Text: Anouck Bosma

It has been four years since Tamino’s debut album ‘Amir’ was released. In the meantime, he has become an indispensable part of the music world and Tamino’s music has ended up on several continents, including the Middle East and North America. Finally the long wait is over and we can enjoy the new album ‘Sahar’. We already got a few previews in advance with, among others, ‘The First Disciple’ and ‘Fascination’, these turned out to be good choices to get into the atmosphere for ‘Sahar’ and again Tamino does not disappoint with this album.

Where Amir was written in Amsterdam, Sahar originated in Tamino’s apartment in Antwerp. The album has ten songs and starts with ‘Longing’, as we expect from Tamino, this is a quiet song with Arabic influences. There are a number of surprises on Sahar that make it interesting to listen to. In the second song ‘The Flame’ you can hear how Tamino has grown in his music. This can be heard in the melancholic sound that comes out less and the tempo that is different here. In addition, the song ‘You Don’t Own Me’ can also be found, a number of lucky ones have already heard it live during a solo concert in the Zonnehuis in Amsterdam. This turned out to be a magical experience that promises a lot for the upcoming concerts.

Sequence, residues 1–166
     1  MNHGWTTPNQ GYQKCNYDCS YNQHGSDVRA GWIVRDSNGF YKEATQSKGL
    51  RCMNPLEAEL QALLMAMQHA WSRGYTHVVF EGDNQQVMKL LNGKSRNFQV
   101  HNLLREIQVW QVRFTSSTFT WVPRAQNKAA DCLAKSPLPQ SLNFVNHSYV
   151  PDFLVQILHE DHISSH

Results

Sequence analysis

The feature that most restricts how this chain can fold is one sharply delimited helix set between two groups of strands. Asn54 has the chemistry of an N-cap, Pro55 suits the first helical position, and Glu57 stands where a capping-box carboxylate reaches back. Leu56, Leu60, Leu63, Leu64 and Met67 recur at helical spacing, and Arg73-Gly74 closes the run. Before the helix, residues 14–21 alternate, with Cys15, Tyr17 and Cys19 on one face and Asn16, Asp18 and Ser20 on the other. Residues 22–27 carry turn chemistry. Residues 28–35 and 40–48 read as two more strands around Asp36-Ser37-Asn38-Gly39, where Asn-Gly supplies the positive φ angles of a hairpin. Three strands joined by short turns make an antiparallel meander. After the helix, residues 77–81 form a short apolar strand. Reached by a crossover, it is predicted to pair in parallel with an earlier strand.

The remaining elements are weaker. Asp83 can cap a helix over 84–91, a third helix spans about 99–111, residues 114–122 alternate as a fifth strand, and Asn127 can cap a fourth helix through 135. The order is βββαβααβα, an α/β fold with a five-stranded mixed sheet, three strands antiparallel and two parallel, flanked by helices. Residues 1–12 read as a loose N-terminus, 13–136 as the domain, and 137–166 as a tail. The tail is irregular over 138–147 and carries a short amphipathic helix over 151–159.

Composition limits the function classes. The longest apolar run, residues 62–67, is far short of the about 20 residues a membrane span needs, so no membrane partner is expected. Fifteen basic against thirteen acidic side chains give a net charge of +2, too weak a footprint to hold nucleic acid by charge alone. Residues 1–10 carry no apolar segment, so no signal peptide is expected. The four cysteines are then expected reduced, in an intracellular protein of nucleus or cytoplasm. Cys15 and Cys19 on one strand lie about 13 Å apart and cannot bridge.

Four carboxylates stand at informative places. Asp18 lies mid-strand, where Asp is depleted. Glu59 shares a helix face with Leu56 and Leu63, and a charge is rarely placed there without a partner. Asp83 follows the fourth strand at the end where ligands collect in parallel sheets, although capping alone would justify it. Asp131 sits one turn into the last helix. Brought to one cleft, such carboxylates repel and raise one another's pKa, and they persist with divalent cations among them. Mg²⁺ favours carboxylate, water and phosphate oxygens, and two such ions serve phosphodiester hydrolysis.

Another new element on this album can be found in the song ‘Sunflower’. Here we hear for the first time a collaboration with none other than Angèle, who you may already know from her collaboration with Dua Lipa. It seems an unlikely match, but nothing could be further from the truth: their voices seem to match well, especially when they sing together. In addition, Tamino was assisted in the making of this album by artists such as Radiohead bassist Colin Greenwood.

The melancholy keeps coming back on the whole album, this was also present in the album Amir. The difference is that in a number of songs this is interspersed with a glimmer of hope. This can especially be heard in the songs ‘Cinnamon’ and ‘The Flame’ and these fit Tamino well. The great thing about this album is that there is more variety than on the debut album, but that the elements such as melancholy and Arab influences have remained. For example, Tamino has used the Arabic instrument the oud, which is a pear-shaped stringed instrument with a distinctive and versatile sound. In addition, the lyrics sound like poems, which comes together nicely with the music. Especially the closing track ‘My Dearest Friend And I’ is one of the pearls of the album in which Tamino’s voice comes out best.